If you’re a fan of The Sopranos, I can’t say you’ll enjoy The Many Saints of Newark, and if you’re not a fan of The Sopranos, I can’t say you’ll enjoy The Many Saints of Newark. It’s a prequel set in the early 1970s, decades before an adult Tony Soprano was ruling his turf in New Jersey and going to therapy to deal with his rising panic attacks. The Sopranos was an era-defining, ground-breaking show for HBO and creator David Chase would captivate and infuriate audiences in equal measure, mixing shocking violence, twisted comedy, strange side steps, pessimistic psychoanalysis, and stubborn subversive storytelling to its very end with a polarizing finale that still elicits debate to this day (count me in the Tony-is-dead camp). It would be too much to expect a return to that world to pack in all the entertainment and enrichment of a peak TV series, but I was at least hoping that Chase’s return to his mobster magnum opus would present an engaging story that would add further insight or intrigue into the series and its characters. After two hours, I’m left shrugging like Silvio Dante and about as clueless as Paulie Walnuts.
As personal background, I watched all seven seasons of The Sopranos and eagerly anticipated its finale in 2007. I was one of those people that even questioned whether my cable had somehow gone out as the series suddenly shifted to a black screen without further warning. I enjoyed the show though I haven’t watched it since it originally concluded over ten years ago. It would be a worthy series to re-watch in our binge era, but I think I would keep my initial interpretation of the show and its self-loathing patriarch, Tony. I think over the course of 8 years Chase intended to demystify the perverse allure of organized crime and the glamor of Hollywood myth-making. I think he subversively took a familiar setup, a family man trying to fight for respect from his family and his Family, and knew many people would find themselves rooting for Tony Soprano and his underdog status and his potential redemption through therapy and self-analysis. Except, Chase’s point, is that these bad men are not complicated, they’re not geniuses, and they’re not capable of real empathy. Tony’s near-death experience and inevitable return to his old ways was proof of that. Chase created a vehicle where people sided with the anti-hero lead and he systematically provided more and more evidence that this man was cruel, impulsive, selfish, and incapable of redemption, and every episode, especially in that final season, pushed the viewer to ask, “How much longer can you look the other way? How many more excuses can you give?” It was Chase taking the appeal of mob movies and anti-heroes and testing viewer loyalty, making people question the appeal of these kinds of stories about these kinds of men. That’s my reading.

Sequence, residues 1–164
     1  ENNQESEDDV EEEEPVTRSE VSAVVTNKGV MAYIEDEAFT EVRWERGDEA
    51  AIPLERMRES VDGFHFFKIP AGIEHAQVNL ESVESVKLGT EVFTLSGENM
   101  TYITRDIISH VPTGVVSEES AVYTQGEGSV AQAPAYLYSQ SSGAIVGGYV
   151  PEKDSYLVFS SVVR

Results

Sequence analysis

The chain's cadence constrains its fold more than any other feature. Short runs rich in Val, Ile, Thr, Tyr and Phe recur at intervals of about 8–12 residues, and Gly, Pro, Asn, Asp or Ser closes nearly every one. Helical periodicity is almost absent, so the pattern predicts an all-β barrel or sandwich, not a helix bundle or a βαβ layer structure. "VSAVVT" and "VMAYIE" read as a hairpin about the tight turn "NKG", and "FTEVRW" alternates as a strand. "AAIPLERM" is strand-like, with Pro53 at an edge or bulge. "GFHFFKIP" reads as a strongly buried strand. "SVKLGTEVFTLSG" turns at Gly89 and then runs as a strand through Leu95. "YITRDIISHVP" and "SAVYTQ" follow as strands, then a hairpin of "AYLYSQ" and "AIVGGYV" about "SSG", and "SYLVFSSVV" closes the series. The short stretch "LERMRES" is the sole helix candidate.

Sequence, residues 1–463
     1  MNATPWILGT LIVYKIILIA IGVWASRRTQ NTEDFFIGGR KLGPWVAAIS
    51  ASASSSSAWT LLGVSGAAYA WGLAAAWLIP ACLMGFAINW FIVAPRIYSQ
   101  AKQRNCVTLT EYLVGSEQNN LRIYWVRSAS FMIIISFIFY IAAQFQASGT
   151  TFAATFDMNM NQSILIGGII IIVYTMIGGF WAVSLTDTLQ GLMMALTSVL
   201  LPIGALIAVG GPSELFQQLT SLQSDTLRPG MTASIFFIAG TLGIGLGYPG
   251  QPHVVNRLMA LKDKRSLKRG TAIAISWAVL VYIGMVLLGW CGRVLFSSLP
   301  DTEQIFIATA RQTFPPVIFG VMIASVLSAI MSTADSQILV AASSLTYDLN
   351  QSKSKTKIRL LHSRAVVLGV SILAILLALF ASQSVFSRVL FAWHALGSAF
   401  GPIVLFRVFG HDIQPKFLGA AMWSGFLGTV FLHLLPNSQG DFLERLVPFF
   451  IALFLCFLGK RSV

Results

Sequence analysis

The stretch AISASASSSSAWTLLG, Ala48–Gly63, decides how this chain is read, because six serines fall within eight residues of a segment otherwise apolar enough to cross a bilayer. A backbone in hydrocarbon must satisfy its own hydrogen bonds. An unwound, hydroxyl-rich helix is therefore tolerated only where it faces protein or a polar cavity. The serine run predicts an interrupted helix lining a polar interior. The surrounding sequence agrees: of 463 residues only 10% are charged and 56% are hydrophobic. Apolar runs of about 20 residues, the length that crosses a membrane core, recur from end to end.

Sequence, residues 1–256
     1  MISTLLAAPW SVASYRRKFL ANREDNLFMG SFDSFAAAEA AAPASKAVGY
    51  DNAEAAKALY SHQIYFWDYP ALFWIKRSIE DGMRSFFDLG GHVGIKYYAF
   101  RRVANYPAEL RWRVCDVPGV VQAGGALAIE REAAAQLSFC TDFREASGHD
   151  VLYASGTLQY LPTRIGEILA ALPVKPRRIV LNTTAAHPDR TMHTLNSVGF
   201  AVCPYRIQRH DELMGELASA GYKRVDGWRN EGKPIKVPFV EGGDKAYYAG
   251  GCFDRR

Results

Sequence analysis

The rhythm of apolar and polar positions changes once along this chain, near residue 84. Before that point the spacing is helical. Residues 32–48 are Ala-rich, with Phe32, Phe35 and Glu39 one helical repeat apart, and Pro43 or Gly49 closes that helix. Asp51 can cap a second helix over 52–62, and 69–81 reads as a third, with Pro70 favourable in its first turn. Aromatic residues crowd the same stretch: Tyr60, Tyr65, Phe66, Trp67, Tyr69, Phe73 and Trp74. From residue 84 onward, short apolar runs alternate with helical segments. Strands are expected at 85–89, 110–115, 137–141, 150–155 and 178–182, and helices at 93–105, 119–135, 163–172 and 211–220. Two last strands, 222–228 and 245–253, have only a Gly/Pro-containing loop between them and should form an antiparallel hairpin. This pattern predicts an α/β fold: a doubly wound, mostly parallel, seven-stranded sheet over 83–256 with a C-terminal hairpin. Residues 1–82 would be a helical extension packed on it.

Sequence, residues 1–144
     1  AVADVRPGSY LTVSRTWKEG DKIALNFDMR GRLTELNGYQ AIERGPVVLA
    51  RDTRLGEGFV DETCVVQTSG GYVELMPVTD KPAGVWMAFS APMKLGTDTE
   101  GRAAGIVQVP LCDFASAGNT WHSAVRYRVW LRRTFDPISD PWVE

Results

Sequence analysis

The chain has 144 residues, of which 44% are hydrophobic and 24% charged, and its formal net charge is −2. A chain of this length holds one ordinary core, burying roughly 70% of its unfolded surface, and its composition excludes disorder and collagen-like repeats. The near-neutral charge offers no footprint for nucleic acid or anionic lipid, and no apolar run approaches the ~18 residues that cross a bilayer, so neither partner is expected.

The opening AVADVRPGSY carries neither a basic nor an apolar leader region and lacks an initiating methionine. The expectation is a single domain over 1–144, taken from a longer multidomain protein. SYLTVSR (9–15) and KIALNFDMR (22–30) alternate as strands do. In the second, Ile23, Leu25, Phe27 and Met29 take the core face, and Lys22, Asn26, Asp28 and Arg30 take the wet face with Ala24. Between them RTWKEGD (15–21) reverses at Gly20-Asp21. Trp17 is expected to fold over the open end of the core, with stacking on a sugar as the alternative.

As a prequel, The Many Saints of Newark might appeal to the most diehard fans of The Sopranos who just want to have two hours more in this world, seeing these characters again one more time. Perhaps fans will thrill to see James Gandolfini’s son, Michael Gandolfini, play teenage Tony Soprano. Perhaps they’ll thrill to see Tony’s mother at a younger age but recognize some of her self-pitying and antagonistic quirks that would define her as an elderly woman. Perhaps they’ll thrill to watch Christopher Moltisanti’s father, Dickie (Alessandro Nivola), as Tony’s uncle, the man he said from the series who was so influential to him. In essence, this story, written by Chase and Lawrence Konner, is about how Tony got to be on his doomed path of crime. The fact that Tony is merely a supporting character in this tale is not a grievous structural fault. However, the fact that Dickie is such an uninteresting lead character in such an uninteresting and glum story is a significant fault.